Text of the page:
Arrived!

 The door-to-door travel clock

The door-to-door travel clock

I left my little house in Melbourne on a scorching hot morning, and twenty-nine hours, thirty-almost-two minutes later I was standing on the stoop of a big, old brownstone in Brooklyn.  My friend V met me at the door, lugged my heaviest suitcase up four flights of stairs, fed me delicious soup and a Campari, and then showed me to my bed, where a hot water bottle was waiting. Surely, a special place in heaven is reserved for her*. 

This morning I woke to gently falling snow. There's no wind, so it's piling up on the bare twigs, the wrought-iron fences, and the window sills. Also on the dogs, trotting about in their little coats and bare paws.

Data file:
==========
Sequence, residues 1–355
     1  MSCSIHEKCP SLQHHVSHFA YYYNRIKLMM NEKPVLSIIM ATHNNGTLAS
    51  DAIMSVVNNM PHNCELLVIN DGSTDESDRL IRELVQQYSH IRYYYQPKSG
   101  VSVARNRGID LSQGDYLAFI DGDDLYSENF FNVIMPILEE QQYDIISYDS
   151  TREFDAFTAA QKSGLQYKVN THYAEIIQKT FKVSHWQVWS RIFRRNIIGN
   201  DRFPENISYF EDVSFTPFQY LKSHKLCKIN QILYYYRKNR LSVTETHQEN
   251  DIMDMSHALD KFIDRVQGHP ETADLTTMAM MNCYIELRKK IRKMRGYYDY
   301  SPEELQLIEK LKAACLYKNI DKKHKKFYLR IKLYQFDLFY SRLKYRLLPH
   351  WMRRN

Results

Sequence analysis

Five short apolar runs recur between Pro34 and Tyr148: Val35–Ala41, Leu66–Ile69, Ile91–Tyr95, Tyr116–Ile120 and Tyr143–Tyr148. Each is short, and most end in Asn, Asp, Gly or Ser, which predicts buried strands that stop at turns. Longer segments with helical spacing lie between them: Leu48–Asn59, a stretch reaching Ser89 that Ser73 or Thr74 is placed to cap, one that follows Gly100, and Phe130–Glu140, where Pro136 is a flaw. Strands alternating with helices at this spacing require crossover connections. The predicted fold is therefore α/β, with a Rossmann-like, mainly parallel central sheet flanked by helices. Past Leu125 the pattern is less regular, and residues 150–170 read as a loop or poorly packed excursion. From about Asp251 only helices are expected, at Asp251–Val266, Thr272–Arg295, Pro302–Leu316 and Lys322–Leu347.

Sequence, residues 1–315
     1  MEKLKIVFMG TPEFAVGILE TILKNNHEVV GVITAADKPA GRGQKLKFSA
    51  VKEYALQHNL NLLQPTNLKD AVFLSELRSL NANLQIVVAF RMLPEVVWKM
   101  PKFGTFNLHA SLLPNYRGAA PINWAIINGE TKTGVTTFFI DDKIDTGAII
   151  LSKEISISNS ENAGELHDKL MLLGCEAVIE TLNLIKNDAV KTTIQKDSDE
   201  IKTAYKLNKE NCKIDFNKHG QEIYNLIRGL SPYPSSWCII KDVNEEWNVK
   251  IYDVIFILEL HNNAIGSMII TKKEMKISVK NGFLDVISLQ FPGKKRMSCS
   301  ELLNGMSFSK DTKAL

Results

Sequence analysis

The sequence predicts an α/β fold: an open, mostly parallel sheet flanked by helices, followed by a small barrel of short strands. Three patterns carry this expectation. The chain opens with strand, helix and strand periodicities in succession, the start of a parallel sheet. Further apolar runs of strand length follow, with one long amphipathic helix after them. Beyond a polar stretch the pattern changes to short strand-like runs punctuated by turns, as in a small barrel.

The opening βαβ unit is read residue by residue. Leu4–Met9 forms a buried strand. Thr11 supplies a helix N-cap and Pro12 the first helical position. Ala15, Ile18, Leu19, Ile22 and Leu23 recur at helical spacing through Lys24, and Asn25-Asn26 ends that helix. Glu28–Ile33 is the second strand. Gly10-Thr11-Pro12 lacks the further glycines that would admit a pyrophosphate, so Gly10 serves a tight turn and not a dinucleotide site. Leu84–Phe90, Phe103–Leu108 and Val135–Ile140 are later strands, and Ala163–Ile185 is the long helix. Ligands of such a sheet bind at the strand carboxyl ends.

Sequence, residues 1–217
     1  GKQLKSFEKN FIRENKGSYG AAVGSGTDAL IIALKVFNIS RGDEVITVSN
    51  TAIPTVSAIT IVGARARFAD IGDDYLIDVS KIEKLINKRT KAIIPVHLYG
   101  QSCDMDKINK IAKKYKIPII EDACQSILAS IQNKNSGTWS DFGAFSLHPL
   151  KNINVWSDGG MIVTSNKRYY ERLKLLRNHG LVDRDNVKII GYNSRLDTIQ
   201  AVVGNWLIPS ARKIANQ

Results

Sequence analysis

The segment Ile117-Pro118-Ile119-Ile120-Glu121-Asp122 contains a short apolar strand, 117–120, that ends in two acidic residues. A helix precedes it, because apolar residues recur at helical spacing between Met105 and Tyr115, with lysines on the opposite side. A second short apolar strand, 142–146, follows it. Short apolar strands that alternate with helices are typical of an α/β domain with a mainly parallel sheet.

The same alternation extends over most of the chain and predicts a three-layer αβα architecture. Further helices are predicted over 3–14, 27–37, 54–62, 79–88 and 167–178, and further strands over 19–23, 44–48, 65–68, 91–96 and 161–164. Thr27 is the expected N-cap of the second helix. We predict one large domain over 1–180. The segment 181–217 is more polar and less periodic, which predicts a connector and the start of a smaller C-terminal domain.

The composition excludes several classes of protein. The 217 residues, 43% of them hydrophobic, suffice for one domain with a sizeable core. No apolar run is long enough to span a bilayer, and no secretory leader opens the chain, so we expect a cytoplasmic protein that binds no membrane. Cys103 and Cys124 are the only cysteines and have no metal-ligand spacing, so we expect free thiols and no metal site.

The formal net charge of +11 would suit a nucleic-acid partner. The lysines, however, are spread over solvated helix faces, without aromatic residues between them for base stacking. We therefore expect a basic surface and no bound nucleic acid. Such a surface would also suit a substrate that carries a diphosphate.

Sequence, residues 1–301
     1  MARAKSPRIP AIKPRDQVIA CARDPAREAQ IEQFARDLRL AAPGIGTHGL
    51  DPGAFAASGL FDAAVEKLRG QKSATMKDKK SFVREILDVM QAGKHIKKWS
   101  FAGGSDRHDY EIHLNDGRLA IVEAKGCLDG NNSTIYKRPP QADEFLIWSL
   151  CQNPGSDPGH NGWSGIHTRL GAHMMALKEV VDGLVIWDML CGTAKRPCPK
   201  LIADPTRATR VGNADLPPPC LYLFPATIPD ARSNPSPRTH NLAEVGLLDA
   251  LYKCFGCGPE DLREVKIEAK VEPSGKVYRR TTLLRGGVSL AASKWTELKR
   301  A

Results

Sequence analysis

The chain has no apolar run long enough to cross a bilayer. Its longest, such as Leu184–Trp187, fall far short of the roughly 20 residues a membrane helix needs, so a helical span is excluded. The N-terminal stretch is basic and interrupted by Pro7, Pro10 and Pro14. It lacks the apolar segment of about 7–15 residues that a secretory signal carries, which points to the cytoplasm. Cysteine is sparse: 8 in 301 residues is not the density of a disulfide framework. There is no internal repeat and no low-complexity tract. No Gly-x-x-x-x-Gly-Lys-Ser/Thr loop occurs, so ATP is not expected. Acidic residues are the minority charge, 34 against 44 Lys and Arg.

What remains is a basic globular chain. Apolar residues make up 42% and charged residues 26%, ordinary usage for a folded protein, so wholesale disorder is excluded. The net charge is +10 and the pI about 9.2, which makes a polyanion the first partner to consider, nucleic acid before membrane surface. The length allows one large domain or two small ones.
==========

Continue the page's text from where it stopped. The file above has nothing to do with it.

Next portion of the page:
V and I ventured out for coffee (mug o' joe) and pancakes (light and fluffy) and eggs (over easy).  

 Snow boots!

Snow boots!

 The walk to breakfast.

The walk to breakfast.

No book adventures yet, but, as ever, I find myself in accord with Anne (of the Island, in this case) ...

It was nine that night when their train reached Kingsport, and they found themselves in the blue-white glare of the crowded station. Anne felt horribly bewildered, but a moment later she was seized by Priscilla Grant, who had come to Kingsport on Saturday.

"Here you are, beloved! And I suppose you're as tired as I was when I got here Saturday night."

"Tired! Priscilla, don't talk of it. I'm tired, and green, and provincial, and only about ten years old. For pity's sake take your poor, broken-down chum to some place where she can hear herself think."

"I'll take you right up to our boardinghouse. I've a cab ready outside."

"It's such a blessing you're here, Prissy. If you weren't I think I should just sit down on my suitcase, here and now, and weep bitter tears. What a comfort one familiar face is in a howling wilderness of strangers!"

 

*Where the 2007 Grand Final is on constant repeat, and it always smells like freshly baked bread.